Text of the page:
It sounds a bit strange, but Atticus shoots Tim Johnson and kills him. This sounds strange, but it is not because Tim Johnson is not a human being. Tim Johnson is a dog.
Tim has gone mad -- presumably he has rabies. That makes him a danger to everyone in town because if he bites them they will get the disease. Heck Tate asks Atticus to shoot the dog because Atticus is the best shot around. With Atticus shooting, there will be less risk of the bullet missing Tim and accidentally hurting a person.
A staggering, rabid dog called Tim Johnson is shot by Atticus.
When the Finches' maid, Calpurnia, sees the Johnson dog (whom Jem describes as having "gone lopsided"), she immediately phones the office of Atticus. Then she tells the operator to contact whoever has a phone on the same street as the Finches and inform them about the rabid dog. After she hangs up, Calpunia runs outside, shouting to whomever will hear her. She knocks on the Radleys' front door to no avail. As she walks back to the house, she sees a black vehicle turn into the Finch driveway. Atticus emerges with Sheriff Tate.
"Not runnin', is he?" asked Mr. Tate.
"Naw, sir, he's in the the twitchin' stage, Mr. Heck."
"Should we go after him, Heck?" asked Atticus.
In a suspenseful moment, Sheriff Tate suggests that they wait and watch the dog. Sheriff Tate and Atticus move nervously as Miss Stephanie regards the action from the glass window of her front door, while Miss Maudie stands beside her.
Soon, the dog reaches the side street in front of the Radley Place. He tries to step forward, then turns slightly. Atticus tells the sheriff that the dog is within range of his rifle; he urges the sheriff, "You better get him before he turns down the side street." But Mr. Tate hands the rifle to Atticus, telling him to shoot because the opportunity to get the dog is only "a one-shot deal." Atticus further urges Mr. Tate to not waste time, but the sheriff points out that if he shoots and misses, the bullet will go into the Radley house. Since he cannot shoot as well as Atticus, the sheriff urges Atticus to shoot. Still Atticus demurs, "I haven't shot a gun in thirty years." Ignoring this statement, Sheriff Tate tosses the rifle to Atticus.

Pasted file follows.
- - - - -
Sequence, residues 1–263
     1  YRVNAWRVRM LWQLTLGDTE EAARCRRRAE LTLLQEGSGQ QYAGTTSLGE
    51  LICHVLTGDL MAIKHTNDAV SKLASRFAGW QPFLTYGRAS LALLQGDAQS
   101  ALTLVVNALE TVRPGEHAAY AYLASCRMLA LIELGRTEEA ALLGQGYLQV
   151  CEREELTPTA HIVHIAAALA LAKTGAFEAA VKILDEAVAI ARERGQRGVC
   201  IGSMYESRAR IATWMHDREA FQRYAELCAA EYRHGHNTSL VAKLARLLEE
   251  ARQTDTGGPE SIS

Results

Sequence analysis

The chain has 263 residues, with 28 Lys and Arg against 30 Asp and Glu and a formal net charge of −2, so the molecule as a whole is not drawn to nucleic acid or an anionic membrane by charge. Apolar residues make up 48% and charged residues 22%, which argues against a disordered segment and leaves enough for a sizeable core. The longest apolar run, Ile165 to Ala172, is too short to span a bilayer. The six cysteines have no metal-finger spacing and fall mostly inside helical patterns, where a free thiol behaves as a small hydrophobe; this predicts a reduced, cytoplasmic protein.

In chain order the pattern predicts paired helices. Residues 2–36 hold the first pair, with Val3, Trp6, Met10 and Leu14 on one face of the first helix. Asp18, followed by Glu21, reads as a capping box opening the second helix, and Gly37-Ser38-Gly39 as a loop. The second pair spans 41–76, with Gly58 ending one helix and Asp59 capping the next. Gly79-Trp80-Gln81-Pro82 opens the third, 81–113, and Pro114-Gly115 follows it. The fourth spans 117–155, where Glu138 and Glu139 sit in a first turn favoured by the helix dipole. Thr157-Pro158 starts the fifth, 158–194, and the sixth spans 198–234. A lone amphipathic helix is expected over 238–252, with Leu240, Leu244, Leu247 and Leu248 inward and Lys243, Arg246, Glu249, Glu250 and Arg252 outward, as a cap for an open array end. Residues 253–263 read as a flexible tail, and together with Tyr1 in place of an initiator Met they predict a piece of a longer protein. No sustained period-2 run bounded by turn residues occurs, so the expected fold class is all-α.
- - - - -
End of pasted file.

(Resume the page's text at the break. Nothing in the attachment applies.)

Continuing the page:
In the meantime, Tim Johnson has changed his mind, and he now pursues his course up the street. Quickly, Atticus brings the gun to his shoulder, takes off his glasses, and shoots the poor dog. "I saw that, One-Shot Finch!" calls Miss Maudie. Atticus merely returns to the car, and he warns Jem not to go near the dog, who is as dangerous dead as when he was alive. Jem replies, "Yes, sir...Atticus--" He starts to ask his father about his skill at shooting a gun, but the words will not come out. He is simply amazed.
As Atticus drives away, Jem realizes, "Atticus is a gentleman, just like me!" Atticus, Jem realizes, keeps things to himself that need not be said. Clearly, Jem's perspective has changed. Maybe his father is not such an old man, after all.